American Heritage® Dictionary of the English Language, Fourth Edition
- adj. Facing or turned toward the observer: the obverse side of a statue.
- adj. Serving as a counterpart or complement.
- n. The side of a coin, medal, or badge that bears the principal stamp or design.
- n. The more conspicuous of two possible alternatives, cases, or sides: the obverse of this issue.
- n. Logic The counterpart of a proposition obtained by exchanging the affirmative for the negative quality of the whole proposition and then negating the predicate: The obverse of "Every act is predictable” is "No act is unpredictable.”
Century Dictionary and Cyclopedia
- Turned toward (one); facing: opposed to reverse, and applied in numismatics to that side of a coin or medal which bears the head or more important inscription or device.
- In botany, having the base narrower than the top, as a leaf.
- n. In numismatics, the face or principal side of a coin or medal, as distinguished from the other side, called the reverse. See numismatics, and cuts under maravedi, medallion, and merk.
- n. Hence A second aspect of the same fact; a correlative proposition identically implying another.
- n. Specifically, in logic, the contranominal of the inverse of a proposition.
- adj. Turned or facing toward the observer.
- adj. Corresponding; complementary.
- n. The heads side of a coin, or the side of a medal or badge that has the principal design.
- n. logic The double negative of a statement e.g. All men are mortal => No man is immortal
GNU Webster's 1913
- adj. Having the base, or end next the attachment, narrower than the top, as a leaf.
- n. The face of a coin which has the principal image or inscription upon it; -- the other side being the
- n. Anything necessarily involved in, or answering to, another; the more apparent or conspicuous of two possible sides, or of two corresponding things.
- n. the more conspicuous of two alternatives or cases or sides
- n. the side of a coin or medal bearing the principal stamp or design
- From Latin. (Wiktionary)
- Latin obversus, past participle of obvertere, to turn toward; see obvert. (American Heritage® Dictionary of the English Language, Fourth Edition)
“On the obverse is a full-length representation of Liberty wearing long, flowing robes, seated on a rock, and head turned back to her right.”
“On the obverse is an image of eagles destroying a nest of snakes at the foot of a ruined tower, at the top of which is a nest of eaglets.”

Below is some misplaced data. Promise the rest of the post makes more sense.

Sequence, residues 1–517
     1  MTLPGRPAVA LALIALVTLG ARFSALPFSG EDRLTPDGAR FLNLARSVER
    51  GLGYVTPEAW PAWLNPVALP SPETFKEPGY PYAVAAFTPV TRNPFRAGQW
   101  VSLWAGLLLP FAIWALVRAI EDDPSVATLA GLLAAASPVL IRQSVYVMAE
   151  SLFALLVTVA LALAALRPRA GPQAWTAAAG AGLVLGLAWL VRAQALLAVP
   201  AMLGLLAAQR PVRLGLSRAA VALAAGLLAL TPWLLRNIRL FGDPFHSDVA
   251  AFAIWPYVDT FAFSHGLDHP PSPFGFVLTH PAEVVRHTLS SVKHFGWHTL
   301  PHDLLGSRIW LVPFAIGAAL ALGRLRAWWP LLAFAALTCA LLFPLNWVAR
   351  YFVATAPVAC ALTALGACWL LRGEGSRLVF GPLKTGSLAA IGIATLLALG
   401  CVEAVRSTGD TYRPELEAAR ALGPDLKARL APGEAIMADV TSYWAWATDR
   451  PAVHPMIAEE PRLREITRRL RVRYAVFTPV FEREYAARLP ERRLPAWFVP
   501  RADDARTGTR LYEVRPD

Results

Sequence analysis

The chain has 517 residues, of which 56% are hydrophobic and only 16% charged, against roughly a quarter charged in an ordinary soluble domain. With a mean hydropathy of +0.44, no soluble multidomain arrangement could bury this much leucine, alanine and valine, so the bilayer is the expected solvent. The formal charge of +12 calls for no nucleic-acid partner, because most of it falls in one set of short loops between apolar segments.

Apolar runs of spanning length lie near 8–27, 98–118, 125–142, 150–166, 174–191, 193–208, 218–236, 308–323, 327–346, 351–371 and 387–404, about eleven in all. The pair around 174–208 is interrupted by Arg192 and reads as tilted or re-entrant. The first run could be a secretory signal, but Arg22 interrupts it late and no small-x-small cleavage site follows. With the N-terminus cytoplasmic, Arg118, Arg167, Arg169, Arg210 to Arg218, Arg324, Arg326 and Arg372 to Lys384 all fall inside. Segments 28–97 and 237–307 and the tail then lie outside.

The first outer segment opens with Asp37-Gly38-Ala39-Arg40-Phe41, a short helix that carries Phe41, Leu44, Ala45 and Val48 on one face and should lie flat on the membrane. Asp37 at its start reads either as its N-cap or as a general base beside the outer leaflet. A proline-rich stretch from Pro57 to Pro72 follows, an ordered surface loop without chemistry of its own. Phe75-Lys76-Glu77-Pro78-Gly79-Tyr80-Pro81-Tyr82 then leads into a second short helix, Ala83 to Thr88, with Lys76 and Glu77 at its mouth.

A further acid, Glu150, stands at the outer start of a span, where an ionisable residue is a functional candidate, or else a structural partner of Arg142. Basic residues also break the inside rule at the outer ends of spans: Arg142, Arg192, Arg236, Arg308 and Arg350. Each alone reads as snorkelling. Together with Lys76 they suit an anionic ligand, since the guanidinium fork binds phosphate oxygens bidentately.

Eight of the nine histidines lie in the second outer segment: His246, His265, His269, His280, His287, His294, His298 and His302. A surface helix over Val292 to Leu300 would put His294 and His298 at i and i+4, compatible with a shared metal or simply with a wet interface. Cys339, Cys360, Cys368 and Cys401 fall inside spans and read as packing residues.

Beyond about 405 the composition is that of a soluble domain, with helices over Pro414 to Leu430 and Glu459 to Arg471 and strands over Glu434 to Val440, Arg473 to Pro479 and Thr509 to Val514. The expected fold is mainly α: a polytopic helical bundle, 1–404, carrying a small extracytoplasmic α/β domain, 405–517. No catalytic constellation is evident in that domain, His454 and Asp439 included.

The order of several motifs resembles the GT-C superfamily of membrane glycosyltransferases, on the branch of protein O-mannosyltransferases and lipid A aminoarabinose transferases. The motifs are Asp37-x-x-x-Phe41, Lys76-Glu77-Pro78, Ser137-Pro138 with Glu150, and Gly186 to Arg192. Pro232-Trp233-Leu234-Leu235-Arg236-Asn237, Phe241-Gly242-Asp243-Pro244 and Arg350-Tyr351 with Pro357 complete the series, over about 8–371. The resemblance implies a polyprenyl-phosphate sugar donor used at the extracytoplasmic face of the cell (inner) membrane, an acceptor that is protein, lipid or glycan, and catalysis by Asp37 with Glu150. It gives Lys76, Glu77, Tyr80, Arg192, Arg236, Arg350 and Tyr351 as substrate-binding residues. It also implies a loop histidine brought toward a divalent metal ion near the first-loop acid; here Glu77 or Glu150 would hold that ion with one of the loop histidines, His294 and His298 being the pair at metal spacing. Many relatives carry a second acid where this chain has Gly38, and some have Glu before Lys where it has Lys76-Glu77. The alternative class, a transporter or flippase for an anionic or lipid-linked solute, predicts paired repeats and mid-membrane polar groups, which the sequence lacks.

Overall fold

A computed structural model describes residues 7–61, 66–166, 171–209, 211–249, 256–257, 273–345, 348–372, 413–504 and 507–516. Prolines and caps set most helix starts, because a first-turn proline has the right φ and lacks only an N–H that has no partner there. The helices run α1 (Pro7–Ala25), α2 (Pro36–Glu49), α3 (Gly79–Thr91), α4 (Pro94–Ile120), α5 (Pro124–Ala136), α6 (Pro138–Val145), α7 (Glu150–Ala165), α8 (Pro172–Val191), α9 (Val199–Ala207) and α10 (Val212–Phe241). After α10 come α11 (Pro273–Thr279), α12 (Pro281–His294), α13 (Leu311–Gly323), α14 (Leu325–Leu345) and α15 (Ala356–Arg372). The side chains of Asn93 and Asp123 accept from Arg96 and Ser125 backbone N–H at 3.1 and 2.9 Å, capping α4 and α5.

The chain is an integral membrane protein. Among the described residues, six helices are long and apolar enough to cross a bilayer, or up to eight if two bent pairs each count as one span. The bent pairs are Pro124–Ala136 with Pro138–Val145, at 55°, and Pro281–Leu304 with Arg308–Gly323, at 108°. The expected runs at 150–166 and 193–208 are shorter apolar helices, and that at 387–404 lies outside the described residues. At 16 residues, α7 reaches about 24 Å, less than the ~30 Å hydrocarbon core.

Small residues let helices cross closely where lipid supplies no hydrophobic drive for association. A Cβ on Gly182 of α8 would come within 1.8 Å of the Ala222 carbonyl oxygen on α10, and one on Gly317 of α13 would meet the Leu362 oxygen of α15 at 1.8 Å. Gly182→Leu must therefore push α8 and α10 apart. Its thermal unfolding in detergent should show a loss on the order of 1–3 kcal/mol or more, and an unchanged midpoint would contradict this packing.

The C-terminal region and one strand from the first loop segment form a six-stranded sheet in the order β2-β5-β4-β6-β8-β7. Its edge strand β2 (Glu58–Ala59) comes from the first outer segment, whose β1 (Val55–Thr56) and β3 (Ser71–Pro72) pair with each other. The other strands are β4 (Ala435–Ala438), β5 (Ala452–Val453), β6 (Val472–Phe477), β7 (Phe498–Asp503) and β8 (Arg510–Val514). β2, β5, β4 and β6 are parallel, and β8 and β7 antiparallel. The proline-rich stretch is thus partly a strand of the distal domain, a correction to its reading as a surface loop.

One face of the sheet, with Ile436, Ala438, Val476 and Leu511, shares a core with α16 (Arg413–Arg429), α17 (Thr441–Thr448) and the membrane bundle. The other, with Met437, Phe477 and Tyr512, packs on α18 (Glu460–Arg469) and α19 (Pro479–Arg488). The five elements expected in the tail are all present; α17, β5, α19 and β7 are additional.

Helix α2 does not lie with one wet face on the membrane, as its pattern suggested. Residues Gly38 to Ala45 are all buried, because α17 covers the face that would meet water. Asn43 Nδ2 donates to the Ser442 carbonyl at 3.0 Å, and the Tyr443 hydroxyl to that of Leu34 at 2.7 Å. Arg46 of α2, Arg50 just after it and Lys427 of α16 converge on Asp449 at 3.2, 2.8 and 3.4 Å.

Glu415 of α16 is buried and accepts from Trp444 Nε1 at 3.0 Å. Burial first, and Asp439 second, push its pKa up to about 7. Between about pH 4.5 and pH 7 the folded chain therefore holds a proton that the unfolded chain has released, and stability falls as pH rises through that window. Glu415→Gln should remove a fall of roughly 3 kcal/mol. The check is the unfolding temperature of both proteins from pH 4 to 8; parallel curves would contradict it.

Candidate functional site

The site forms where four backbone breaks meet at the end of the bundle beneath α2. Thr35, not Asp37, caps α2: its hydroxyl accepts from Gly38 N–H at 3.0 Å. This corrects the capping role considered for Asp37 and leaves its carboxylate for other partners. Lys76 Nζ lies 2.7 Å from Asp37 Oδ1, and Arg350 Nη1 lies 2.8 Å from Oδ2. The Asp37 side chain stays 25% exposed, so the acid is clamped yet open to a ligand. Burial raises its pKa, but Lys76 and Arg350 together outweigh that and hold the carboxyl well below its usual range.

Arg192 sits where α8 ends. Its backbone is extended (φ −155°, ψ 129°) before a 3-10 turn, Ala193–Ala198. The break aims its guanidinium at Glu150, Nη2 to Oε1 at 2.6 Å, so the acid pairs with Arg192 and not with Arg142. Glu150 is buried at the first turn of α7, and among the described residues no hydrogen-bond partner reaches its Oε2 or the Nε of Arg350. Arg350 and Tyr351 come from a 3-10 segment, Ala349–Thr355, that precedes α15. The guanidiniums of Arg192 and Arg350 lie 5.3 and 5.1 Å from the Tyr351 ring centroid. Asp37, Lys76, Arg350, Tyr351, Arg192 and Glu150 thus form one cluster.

“While its obverse is sharper than that of the Husak S-12, its strike and surface quality are not quite as impressive as the Husak S-12 1793 Liberty Cap. Even so, as it is so difficult to find 1793 Liberty Caps that grade Fine-15 or higher, this Very Fine grade Holmes S-12 is particularly appealing for a 1793 Liberty Cap and I would recommend it.”
“The obverse is dominated by a left-facing somewhat determined portrait of a native American chief wearing a full-feathered war bonnet.”
“The obverse is true of Vietnam, which over a longer period saw 9 million men in uniform, less than a third of the draft-eligible males in the pool, selected out largely on the basis of education or lack of it.”
“The face we call the obverse is entirely occupied by the body of a fantastic quadruped, partly chiselled in slight relief, partly engraved.”
“Longacre’s classical left-facing Liberty on the obverse is said to be modeled after an old Hellenistic sculpture, the Crouching Venus.”
“The left facing, wings outstretched in-flight eagle on the obverse is from Christian Gobrecht’s 1836 Liberty Seated obverse.”
“On the obverse was a picture of a young man in a Wehrmacht uniform; he was shot in the gut a few months into the Russian campaign.”
“On the one hand, the sovereign power to achieve the common peace and defence is the product of a positive calculation by which individuals “confer” their natural power, in exchange for the benefit of security; the obverse is the negative calculation whereby each individual limits his natural power over things in consideration of an equally tangible “fear of punishment” by the sovereign power.”
These user-created lists contain the word ‘obverse’.
Words taken from I, Claudius by Robert Graves.
Words used in the rare book trade (of which I was once a part). For more about how such books are put together, see hernesheir's excellent The Bindery.
Words as I learn them.
Terms used in coin collecting.
Looking for tweets for obverse.